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NY F86079

May 10, 2000

CLA-2-44:RR:NC:SP:230 F86079


TARIFF NO.: 4409.10.90

Mr. Michael D. Jones
Jones & Jones, L.L.C.
P.O. Box 1889
Blaine, WA 98231-1889

RE: The tariff classification of grooved lumber from Canada.

Dear Mr. Jones:

In your letter dated February 22, 2000, you requested a tariff classification ruling on behalf of your client, Vancouver Specialty Cedar Products Ltd.

The items in question are pre-cut, pre-grooved wooden boards of various unidentified species (all assumed to be coniferous). They will be 2x4, 4x4 or intermediate sizes, in lengths ranging (depending on purchase order, but not random) from 40 inches to 10 feet. Each board will have square-cut ends but will have a groove, ¾” to 1” wide and ½” to ¾” deep, running the entire length of one face.

With regard to their use after importation, you state that two or more of the boards, spaced apart from one another and in condition unchanged from their imported state, will be placed (groove side down) on a floor, dock, conveyance or the like, whereupon goods such as plywood sheets or steel mill products will be stacked on top of them. Strapping will then be threaded through one end of each groove, traversing its entire length (the width of the load) and out the other side. The strapping will then be wrapped around the circumference of the stacked goods and cinched tightly to stabilize the load. This arrangement will allow the stacked merchandise to be handled (e.g., by a forklift) as a unit load. The grooves in the wood are intended to ensure that the strapping, boards and load will remain secured to one another during all subsequent handling and shipping.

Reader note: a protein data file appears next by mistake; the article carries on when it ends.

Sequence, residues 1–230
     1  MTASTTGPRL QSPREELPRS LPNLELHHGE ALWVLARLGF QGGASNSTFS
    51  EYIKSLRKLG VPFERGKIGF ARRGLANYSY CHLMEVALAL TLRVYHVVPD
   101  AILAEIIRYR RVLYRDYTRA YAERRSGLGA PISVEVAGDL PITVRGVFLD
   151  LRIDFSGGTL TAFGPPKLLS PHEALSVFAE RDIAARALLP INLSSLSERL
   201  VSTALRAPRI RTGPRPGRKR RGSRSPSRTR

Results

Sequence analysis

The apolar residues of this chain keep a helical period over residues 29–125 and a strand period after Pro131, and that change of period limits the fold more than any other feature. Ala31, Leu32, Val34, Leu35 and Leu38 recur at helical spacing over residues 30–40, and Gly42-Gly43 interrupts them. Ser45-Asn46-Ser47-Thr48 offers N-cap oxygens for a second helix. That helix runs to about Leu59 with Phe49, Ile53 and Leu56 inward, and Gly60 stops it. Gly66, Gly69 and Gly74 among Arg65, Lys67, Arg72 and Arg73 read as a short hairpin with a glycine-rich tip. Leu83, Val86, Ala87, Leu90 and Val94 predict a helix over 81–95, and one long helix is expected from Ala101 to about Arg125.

You are aware of previous Customs rulings (NY B83844 of 4/17/97 and B86507 of 8/18/97) that classified similar grooved boards, imported for similar purposes, in HTS heading 4409, the provision for continuously shaped wood. Nevertheless, you assert that the instant products should be classified in heading 4415, which provides, in pertinent part, for “load boards.” In support of your position, you first cite the Harmonized Explanatory Note (“EN”) for heading 4409, which states that the wood of that heading has been shaped either to facilitate subsequent assembly or to form moldings. You maintain that since the subject boards are final products that do not undergo subsequent assembly, and are not moldings, they are therefore outside the scope of heading 4409. We find, however, that the cited portion of the EN is neither intended to be an all-inclusive statement regarding the purpose of continuous shaping, nor is it legally binding or dispositive. The heading itself (which is legal text) simply calls for continuously shaped wood, and makes no mention of purpose. Furthermore, it encompasses subheadings that enumerate certain products (e.g., dowels and siding) which are not moldings and which are commonly used in applications not involving assembly (or in applications where the reason for the shaping is not primarily related to an assembly process). Such products would not be included within the heading if it were meant to be limited to moldings and to goods prepared specifically for assembly.